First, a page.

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Aarupokhari is located in Nepal
Location in Nepal
Coordinates: 28°04′N 84°47′E / 28.06°N 84.78°E / 28.06; 84.78Coordinates: 28°04′N 84°47′E / 28.06°N 84.78°E / 28.06; 84.78
Country   Nepal
ZoneGandaki Zone
DistrictGorkha District
917 m (3,009 ft)
 • Total5,465
Time zoneUTC+5:45 (Nepal Time)

Arupokhari (आरूपोखारी), also spelled Aarupokhari, is a village development committee in Gorkha District in the Gandaki Zone of northern-central Nepal. At the time of the 1991 Nepal census it had a population of 5,465 and had 898 houses in the town.[1]

Arupokhari sits on a foothill on top of which there is a Hindu temple. The town's water sources are springs that come out of the ground. There is electricity, but it is intermittent. From the village, one can see Manaslu in the Ganesh range to the north.


Most of the citizens are farmers, and those who have other occupations still farm as well. The major crops grown there are corn, beans, and potatoes, but mangos, bananas, and other things grow there as well. Most of the houses are constructed with bricks plastered by mud, with mud used as mortar in-between the bricks. The roofs are tin, and the floors are dried mud. Most citizens own cellphones, and there is at least one cell tower in the village.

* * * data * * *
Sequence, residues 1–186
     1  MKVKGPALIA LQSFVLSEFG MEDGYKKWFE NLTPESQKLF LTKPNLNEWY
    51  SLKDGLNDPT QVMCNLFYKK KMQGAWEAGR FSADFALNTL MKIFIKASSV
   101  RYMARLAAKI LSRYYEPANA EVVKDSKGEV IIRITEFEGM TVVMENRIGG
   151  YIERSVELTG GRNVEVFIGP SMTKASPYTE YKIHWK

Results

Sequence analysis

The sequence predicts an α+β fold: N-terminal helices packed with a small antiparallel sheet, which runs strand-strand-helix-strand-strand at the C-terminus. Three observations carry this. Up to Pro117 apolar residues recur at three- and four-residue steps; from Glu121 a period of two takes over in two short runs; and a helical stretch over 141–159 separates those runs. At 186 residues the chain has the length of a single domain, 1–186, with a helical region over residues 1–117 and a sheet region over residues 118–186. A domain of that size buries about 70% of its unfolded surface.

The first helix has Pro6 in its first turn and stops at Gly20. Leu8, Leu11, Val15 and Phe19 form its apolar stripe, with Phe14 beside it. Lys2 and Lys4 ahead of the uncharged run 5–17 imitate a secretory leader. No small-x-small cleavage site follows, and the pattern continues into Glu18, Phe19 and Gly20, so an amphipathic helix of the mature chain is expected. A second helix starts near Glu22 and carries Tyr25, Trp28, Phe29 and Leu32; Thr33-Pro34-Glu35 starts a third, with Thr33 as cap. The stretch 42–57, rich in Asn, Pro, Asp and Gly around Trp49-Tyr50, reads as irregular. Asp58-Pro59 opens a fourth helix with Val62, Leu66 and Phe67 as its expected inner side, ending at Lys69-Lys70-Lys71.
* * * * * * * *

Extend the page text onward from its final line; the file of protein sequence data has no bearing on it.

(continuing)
There are at least 2 schools in the village: one elementary and one secondary. The elementary school is called the Sarswati Peace School. The language spoken in the village is Nepali, though there are a few people who know a little bit of English as well.


The village is adjacent to Satdobato, and it is a 1-2 hour walk from Arughat, which is a slightly larger town in the valley to the southeast.

The climate in the village is subtropical and the forest is mostly deciduous. The temperature in the village during the summer is usually from 80–89 °F (27–32 °C) when it is not raining and 70–79 °F (21–26 °C) when it is raining. It is always very humid in the summer. The village was hit hard by the civil war as many of its citizens went to fight.

The village of Arupokhari in the background as seen from the Sarswati Peace School in the foreground


  1. ^ "Nepal Census 2001". Nepal's Village Development Committees. Digital Himalaya. Archived from the original on 12 October 2008. Retrieved 2008-08-31.